In addition, the National Assembly, in its commitment to the new plan, will transmit the changes in its financial management to both the accountant-general of the federation and auditor-general of the federation to serve as a guide to them in the implementation of the new fiscal arrangement.

“To address the vexed issues of financial and budgetary transparency, the National Assembly management is coming up with ways to streamline the vexed issues of first-line charge, that is, the financial autonomy of the National Assembly and the running cost for legislators’ constituencies. For instance, they observed that the National Assembly is still using the charts of account developed by the executive. These charts of account did not take into account the peculiarities of the National Assembly.

“The management is therefore proposing an accounting manual that reflects the National Assembly’s peculiarities. In addition, the National Assembly also plans to introduce a clause to be included into the Procurement Act currently being amended. This will henceforth allows the National Assembly and the judiciary, being separate arms of government that are on first-line-charge, to develop and operate their own procurement manual.

“In the long run, in line with transparency, the National Assembly political leadership and management plans to transmit these financial changes to both the accountant-general of the federation and the auditor-general of the federation for their guidance and implementation,” the source added.

rable top Nigerian companies that have already signed on to the initiative. For Nigeria, what I will like to do is to create a specific. I will call it the US-Nigeria CEO Dialogue, which would be a specific programme for Nigeria. That would be by first quarter of next year,” she said.

Ndiaye added: The objective is to increase bilateral trade between the US and Africa. The other objective is to make sure that American companies are being understood and they take advantage of the emerging Africa. Wherever you go, they talk about the emerging Nigeria, and emerging Africa. So, we want to be part of this emerging trend. But most importantly, we want African companies and business leaders to sit down at the same table with American companies and tell them (the U.S. firms), how to do business with Africa and how they can both partner to do business.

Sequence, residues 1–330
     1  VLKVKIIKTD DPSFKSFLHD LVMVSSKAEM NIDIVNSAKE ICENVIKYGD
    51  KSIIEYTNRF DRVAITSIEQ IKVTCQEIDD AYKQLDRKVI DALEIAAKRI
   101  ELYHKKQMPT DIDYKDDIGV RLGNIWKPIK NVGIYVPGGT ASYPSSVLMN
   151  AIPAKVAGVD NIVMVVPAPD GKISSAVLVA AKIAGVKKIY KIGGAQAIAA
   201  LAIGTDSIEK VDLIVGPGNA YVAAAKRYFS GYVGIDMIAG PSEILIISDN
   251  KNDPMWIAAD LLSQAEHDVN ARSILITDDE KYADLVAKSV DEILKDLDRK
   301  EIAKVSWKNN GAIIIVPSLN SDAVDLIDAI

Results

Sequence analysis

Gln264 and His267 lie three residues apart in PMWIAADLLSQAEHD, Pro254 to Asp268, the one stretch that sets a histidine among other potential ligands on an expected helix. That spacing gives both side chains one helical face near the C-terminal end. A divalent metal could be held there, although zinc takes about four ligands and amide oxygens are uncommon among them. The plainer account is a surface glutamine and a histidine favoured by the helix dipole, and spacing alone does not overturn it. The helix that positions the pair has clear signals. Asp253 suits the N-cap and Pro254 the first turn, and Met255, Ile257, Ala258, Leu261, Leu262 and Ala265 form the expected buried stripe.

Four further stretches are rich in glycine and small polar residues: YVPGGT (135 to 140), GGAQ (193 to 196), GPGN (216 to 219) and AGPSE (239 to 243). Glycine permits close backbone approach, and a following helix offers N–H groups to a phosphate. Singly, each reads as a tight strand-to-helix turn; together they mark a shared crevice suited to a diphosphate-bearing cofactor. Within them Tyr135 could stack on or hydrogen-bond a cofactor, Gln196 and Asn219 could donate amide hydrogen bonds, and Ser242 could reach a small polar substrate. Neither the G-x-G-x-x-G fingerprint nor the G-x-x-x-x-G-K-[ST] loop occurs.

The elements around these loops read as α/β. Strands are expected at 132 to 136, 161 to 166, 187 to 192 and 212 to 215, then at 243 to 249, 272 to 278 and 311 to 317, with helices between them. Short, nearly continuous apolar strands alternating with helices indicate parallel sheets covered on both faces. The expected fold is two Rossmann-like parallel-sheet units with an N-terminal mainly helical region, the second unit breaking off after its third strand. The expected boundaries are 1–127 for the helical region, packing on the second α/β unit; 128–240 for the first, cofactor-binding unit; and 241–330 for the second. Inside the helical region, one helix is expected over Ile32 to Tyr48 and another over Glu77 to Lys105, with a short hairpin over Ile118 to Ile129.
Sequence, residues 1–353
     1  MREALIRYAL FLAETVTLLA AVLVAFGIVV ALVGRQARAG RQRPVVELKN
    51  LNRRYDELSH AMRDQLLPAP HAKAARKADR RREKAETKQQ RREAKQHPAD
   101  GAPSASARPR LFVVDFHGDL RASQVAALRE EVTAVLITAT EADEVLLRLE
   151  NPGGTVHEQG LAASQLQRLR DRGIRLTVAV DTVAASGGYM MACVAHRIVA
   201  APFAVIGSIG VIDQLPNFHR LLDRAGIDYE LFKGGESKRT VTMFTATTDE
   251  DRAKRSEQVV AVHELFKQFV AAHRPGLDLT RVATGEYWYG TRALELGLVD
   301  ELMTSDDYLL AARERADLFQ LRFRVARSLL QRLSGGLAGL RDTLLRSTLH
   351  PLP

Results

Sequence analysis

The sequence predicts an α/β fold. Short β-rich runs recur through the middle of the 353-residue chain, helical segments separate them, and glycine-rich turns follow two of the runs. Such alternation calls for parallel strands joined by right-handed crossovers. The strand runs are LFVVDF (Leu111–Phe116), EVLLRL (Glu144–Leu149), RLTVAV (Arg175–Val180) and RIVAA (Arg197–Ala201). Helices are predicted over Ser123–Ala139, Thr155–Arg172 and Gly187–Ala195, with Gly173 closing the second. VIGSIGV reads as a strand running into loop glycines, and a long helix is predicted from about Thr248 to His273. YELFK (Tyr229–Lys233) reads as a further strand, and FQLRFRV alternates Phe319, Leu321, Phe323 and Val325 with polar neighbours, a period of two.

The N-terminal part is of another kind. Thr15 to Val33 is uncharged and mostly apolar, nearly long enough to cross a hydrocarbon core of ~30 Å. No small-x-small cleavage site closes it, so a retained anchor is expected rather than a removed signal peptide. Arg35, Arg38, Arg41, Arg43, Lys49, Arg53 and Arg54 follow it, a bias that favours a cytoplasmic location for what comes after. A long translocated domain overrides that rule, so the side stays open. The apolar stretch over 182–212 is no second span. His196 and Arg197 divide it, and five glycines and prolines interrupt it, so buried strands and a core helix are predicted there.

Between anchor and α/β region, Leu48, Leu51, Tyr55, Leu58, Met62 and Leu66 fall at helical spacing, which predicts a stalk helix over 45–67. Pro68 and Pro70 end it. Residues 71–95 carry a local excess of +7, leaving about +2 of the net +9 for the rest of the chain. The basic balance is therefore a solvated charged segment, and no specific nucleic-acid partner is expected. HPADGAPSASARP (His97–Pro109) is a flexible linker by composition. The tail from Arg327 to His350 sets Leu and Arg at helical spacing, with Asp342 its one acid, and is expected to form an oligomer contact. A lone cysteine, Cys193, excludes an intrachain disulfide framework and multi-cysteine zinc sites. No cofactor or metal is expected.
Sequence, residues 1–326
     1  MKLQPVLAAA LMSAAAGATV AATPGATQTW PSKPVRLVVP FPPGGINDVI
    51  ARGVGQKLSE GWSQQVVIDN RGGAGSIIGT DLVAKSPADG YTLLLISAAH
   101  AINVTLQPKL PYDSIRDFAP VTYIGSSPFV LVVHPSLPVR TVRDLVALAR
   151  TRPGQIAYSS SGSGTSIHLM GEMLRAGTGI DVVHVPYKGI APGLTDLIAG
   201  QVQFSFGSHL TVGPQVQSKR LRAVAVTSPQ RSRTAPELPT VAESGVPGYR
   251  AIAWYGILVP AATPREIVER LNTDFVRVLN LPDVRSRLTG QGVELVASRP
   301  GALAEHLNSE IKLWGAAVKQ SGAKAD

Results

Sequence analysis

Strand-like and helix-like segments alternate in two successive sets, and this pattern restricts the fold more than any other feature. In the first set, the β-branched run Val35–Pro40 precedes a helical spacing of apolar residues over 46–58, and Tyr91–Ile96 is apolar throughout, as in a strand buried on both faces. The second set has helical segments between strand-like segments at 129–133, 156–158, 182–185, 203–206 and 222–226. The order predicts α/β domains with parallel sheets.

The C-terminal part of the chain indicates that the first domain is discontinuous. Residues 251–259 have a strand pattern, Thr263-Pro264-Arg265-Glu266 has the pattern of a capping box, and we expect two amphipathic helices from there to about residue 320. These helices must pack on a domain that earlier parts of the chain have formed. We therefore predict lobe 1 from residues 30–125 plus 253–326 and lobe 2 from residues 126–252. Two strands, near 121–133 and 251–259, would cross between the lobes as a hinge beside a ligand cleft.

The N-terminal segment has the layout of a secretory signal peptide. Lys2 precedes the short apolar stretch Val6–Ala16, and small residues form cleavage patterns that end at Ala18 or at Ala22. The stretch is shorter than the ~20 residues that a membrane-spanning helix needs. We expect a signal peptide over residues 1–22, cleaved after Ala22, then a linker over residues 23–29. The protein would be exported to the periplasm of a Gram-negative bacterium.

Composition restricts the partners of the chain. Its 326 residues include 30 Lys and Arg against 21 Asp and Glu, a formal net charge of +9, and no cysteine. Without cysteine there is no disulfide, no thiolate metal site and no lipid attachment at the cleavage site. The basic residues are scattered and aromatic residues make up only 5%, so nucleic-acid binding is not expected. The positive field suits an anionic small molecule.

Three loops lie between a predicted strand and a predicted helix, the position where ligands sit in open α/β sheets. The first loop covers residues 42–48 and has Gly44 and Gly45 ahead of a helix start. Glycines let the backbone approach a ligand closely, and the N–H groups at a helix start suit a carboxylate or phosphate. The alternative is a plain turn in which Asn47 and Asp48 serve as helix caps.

“ It is either we help them do business in Africa or as partners in America. We have realised that Africa is an untapped market. Africa is not just one country. It is made up of 54 countries. But a lot of people outside the continent think Africa is one country. We know that Nigeria is the biggest. But this initiative is a win-win situation. It comes with favourable investment climate and It comes with a know-how of the market.

“We give access to markets to our members. We have more than three million companies as our members which makes us the largest business federation in the world. We don’t give grants to anybody because we are not a bank. We are a policy shop. But we give access to where the resources can be because we advise you and open the door for businesses.  And if your product is bankable, we would be able to take you to the right partner,” Ndiaye explained.